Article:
I am grateful for the young people that I lead at Scum of the Earth Church because they keep me grounded in reality. The longer that you are a Christian, the greater is the danger of becoming insulated within the Christian culture. It happens almost imperceptibly. You get saved when you are young yourself, and you start hanging out with Christians. Then, perhaps, your old friends exclude you—or maybe you can’t handle their sinful lifestyles so you exclude your old friends. Either way, you start hanging out with Christians, and it is great—for the most part. Perhaps you get married; and if you do, you are one further step removed from the rest of the world because you are now supposed to be building a home together. That takes a lot of time away from the bright lights of the big city. Then you may have kids, and have even less time. Often both of you are working regular jobs every day, plus serving on committees and otherwise involved in church life. You can’t believe that you are surviving on so little sleep and are increasingly removed from any reality outside of your own little Christian bubble.
Scum of the Earth Church, however, is an outpost on the perimeter of God’s Kingdom. The young folks at Scum have often just come in from the world outside of Christian culture. I am thus in touch with the outside world whether I want to be or not. Through them, I always know about the music scene, the art scene, the film scene, the poetry scene, the comic book scene, the economic/political scene, and every other scene.
This cross-generational thing is the way that I came to Jesus. Older adults sowed the word of God into me, and their work produced fruit in my life. Now, I am being asked to do the same with the generations behind me.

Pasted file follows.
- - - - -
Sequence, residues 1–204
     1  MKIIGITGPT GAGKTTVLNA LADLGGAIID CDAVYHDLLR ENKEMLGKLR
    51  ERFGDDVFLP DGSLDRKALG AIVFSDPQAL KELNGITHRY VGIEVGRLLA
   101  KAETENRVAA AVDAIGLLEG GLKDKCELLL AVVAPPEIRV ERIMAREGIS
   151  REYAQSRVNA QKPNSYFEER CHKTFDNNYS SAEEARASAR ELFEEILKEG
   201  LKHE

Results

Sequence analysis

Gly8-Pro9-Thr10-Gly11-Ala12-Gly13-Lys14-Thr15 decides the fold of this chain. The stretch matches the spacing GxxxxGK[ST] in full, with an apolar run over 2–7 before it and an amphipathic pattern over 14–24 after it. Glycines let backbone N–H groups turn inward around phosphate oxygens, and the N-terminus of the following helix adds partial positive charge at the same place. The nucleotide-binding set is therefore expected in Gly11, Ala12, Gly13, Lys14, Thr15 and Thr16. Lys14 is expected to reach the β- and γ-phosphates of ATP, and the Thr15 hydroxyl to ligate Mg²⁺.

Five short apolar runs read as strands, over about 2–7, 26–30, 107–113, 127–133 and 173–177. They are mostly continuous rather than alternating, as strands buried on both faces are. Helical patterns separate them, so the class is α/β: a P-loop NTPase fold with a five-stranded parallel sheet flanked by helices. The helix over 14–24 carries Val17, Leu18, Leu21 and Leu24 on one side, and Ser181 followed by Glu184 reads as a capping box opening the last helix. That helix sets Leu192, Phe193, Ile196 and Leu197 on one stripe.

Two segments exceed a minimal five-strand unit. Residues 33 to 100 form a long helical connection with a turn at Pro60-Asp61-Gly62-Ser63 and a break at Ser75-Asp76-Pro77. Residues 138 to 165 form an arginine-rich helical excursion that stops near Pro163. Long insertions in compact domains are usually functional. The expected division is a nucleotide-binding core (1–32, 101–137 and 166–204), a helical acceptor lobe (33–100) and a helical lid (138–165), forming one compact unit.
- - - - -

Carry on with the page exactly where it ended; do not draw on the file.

For example, young adults need help working out the difficulties of marriage. My wife, Mary, and I are no strangers to marital difficulties. We talk about those years freely. Young people at Scum know that we have not always gotten along well; they also know our stories (once tramatic for us but now humorous to them). Part of the reason for our transparency about those times is that we don’t want them to make the same mistakes that we did; but if they do, they must not lose hope. Why? Because this generation is in danger, not only of suffering the repercussions of divorce, but of wounding the generations yet to come when they do not persevere in their own marriages. Once, when Mary and I were sharing during a sermon at Scum one night, a visitor, a young woman, was so touched by my wife’s candidness that she said to herself, “I have to get to know this woman!” It is our prayer that her own marriage (to an Englishman, by the way) is strengthened through the sharing of our weakness.
There is a pride that goes with youth. When I got married as a young man, I thought that my wife had a great catch on her hands. It bewildered me that she did not understand that fact. Once, when Mary and I were were stuck in the middle of what seemed a never-ending argument, we phoned our older-and-wiser pastor for help. I’ll never forget the moment he said, “Mary, could you get off your extension for a moment? I want to talk to Michael privately.”
I thought to myself, “This is great. He’s going to talk to me man-to-man about how unreasonable my wife is being.” What a shock I got when he said to me, instead, “Brother, you are in pride. You’ve got to take a step down, right now. Remember, ‘God opposes the proud but gives grace to the humble.’ (1 Peter 5:5)”
These are the kinds of lessons that are learned from an older life that is well lived-out before God. Our lives are shown to be like broken pieces of pottery. We older folks have a responsibility to pass on the fact that we are all broken and all in need of a Savior. After all these years, I am more acutely aware of my sins than when I was in my twenties. In summary, the generations need one another. Churches are not complete as a body of Christ if a whole tier of adults—ages 18 to 35—is missing.
MIKE SARES: Mike is the pastor of Scum of the Earth Church in Denver, Colorado. Except for a handful of people his own age, the church is (on average) 30 years younger than he and his wife, Mary. He tweets @